Meanwhile, it appears to be business as usual at the very top end – the Big Four international networks jointly delivered $124bn; that is nearly two thirds of all the income generated by the top 40 groups. And there was also the now customary swap at the very top. PwC assumed its place at the head of the league table, with $35.4bn, up 4% on last year’s figures. Deloitte, having topped the poll last year slipped back to second place with a more modest 3% growth to reach $35.2bn.
EY, in third place, has begun to pull away from fourth placed KPMG. With 4.5% growth, EY’s fees now stand at $28,655m while KPMG saw its dollar fee total drop 1.5% to £24,440. However, in fairness to KPMG, its local currency fees actually increased by 8%, so it was not a case of the network going backwards.
The top group in the mid-tier remains BDO, which saw its fee income increase 4% to hit $7.3bn. It is at this level and below where the market is most likely to see merger and switching activity, as national firms look to either acquire other firms in their own country or move from one international group to another in search of improved global access. However, mergers at the international level are likely to remain few and far between.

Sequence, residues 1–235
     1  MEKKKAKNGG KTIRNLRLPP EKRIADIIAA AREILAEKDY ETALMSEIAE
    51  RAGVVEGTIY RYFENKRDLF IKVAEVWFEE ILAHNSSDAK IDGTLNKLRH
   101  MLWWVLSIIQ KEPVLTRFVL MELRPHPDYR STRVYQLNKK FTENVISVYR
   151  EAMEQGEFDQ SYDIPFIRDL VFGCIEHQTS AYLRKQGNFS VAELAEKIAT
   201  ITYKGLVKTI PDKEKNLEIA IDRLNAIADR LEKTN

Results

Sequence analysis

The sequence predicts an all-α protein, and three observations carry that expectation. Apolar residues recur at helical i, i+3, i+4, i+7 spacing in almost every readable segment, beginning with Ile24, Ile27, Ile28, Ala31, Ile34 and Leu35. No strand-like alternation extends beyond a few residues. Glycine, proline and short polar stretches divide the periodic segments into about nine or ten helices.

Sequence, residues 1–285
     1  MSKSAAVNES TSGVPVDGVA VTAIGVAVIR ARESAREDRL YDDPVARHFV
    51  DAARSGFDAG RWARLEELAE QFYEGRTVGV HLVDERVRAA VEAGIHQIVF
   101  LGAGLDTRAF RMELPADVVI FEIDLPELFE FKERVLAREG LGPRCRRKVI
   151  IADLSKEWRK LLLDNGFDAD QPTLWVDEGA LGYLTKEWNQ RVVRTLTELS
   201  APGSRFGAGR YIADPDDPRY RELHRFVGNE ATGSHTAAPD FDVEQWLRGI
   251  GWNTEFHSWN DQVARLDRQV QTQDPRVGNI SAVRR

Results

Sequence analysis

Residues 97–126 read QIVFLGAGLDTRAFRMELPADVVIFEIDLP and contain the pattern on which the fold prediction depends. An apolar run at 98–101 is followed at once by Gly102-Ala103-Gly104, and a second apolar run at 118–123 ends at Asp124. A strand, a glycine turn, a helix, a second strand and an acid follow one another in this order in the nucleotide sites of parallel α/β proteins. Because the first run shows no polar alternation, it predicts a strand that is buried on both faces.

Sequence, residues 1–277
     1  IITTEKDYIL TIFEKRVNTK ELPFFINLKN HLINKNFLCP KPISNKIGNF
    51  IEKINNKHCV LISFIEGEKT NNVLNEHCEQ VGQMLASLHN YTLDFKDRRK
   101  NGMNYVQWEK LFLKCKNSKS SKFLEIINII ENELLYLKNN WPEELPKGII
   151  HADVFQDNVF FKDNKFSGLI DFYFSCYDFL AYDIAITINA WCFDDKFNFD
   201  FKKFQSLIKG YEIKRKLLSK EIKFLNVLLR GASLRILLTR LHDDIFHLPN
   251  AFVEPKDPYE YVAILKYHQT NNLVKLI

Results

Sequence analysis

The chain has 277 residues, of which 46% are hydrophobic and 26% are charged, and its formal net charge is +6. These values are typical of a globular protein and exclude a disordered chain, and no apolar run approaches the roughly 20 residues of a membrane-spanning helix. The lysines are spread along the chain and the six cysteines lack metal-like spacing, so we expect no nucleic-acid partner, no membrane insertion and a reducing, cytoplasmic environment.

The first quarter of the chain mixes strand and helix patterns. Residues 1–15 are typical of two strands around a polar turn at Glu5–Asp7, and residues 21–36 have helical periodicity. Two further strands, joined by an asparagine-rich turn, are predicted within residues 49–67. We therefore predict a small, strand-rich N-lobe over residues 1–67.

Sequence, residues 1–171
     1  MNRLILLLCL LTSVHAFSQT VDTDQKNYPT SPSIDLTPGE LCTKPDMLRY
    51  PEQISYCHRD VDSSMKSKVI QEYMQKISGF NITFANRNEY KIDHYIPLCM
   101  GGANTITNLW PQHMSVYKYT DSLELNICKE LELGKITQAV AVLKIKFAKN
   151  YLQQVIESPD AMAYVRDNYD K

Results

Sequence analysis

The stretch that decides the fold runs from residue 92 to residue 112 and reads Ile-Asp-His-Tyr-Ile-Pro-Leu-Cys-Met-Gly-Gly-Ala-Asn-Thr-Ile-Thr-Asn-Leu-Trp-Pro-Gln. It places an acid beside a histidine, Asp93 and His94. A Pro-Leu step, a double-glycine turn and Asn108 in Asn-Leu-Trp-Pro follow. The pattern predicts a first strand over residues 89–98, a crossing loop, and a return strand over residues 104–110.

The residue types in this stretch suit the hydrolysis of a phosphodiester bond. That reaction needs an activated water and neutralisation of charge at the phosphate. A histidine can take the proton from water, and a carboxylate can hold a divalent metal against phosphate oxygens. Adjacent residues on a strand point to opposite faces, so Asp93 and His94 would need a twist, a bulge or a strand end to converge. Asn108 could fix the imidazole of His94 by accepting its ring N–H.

“I expect that the consolidation that is ongoing in our profession will continue in the next 12 months and that as a result firms will continue to move from one network to another,’ says BDO’s chief executive Martin van Roekel, but adds: ‘The likelihood of mergers at network level I consider quite remote, unless the leading firms of such networks would decide, and agree, to do so.”